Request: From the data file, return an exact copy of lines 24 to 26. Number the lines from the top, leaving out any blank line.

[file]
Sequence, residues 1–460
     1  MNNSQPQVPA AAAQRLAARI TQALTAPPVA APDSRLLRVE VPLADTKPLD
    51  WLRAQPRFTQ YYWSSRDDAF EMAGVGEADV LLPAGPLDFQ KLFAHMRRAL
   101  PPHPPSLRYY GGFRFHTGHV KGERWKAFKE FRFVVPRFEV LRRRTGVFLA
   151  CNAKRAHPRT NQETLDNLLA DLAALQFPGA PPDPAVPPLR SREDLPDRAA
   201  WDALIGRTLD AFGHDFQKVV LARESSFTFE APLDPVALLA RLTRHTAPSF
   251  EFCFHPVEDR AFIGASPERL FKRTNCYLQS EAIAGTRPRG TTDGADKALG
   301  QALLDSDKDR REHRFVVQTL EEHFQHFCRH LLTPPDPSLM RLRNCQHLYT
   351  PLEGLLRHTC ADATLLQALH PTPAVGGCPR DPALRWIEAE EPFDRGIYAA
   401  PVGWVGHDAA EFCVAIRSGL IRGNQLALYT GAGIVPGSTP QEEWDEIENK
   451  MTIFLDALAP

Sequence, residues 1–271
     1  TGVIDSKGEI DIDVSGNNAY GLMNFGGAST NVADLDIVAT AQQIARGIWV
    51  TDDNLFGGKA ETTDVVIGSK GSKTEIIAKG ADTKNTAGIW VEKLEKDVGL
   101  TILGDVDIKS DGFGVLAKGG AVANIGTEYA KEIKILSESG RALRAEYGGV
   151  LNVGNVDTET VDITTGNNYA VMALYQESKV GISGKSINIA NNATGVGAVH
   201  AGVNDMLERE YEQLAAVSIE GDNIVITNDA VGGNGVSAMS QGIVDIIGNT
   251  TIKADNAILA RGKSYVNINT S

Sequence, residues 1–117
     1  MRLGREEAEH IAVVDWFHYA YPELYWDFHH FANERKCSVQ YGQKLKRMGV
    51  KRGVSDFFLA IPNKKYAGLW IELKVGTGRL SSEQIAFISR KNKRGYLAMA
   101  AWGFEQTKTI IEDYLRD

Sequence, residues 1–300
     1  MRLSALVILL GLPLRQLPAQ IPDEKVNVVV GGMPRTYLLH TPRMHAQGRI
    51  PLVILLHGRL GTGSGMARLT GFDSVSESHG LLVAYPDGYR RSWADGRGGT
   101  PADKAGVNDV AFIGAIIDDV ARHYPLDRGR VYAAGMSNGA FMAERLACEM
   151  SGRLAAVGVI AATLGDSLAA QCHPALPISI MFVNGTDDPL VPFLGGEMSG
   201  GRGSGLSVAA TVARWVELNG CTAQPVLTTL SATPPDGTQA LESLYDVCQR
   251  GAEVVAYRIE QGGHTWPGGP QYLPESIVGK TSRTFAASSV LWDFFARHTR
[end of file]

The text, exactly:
     1  MRLSALVILL GLPLRQLPAQ IPDEKVNVVV GGMPRTYLLH TPRMHAQGRI
    51  PLVILLHGRL GTGSGMARLT GFDSVSESHG LLVAYPDGYR RSWADGRGGT
   101  PADKAGVNDV AFIGAIIDDV ARHYPLDRGR VYAAGMSNGA FMAERLACEM